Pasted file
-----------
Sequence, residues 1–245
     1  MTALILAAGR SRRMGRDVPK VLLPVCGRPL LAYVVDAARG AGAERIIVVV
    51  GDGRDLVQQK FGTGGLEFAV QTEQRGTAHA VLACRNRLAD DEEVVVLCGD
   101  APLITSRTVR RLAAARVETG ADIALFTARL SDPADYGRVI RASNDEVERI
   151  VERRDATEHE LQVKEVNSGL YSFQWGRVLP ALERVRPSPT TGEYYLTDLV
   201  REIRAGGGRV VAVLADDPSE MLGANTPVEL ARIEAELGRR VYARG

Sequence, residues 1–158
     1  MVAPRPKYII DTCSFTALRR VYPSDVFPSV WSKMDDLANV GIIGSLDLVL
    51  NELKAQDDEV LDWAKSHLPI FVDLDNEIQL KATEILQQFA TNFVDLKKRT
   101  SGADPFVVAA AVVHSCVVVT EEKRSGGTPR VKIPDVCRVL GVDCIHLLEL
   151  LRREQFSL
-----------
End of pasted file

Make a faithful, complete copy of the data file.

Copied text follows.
Sequence, residues 1–245
     1  MTALILAAGR SRRMGRDVPK VLLPVCGRPL LAYVVDAARG AGAERIIVVV
    51  GDGRDLVQQK FGTGGLEFAV QTEQRGTAHA VLACRNRLAD DEEVVVLCGD
   101  APLITSRTVR RLAAARVETG ADIALFTARL SDPADYGRVI RASNDEVERI
   151  VERRDATEHE LQVKEVNSGL YSFQWGRVLP ALERVRPSPT TGEYYLTDLV
   201  REIRAGGGRV VAVLADDPSE MLGANTPVEL ARIEAELGRR VYARG

Sequence, residues 1–158
     1  MVAPRPKYII DTCSFTALRR VYPSDVFPSV WSKMDDLANV GIIGSLDLVL
    51  NELKAQDDEV LDWAKSHLPI FVDLDNEIQL KATEILQQFA TNFVDLKKRT
   101  SGADPFVVAA AVVHSCVVVT EEKRSGGTPR VKIPDVCRVL GVDCIHLLEL
   151  LRREQFSL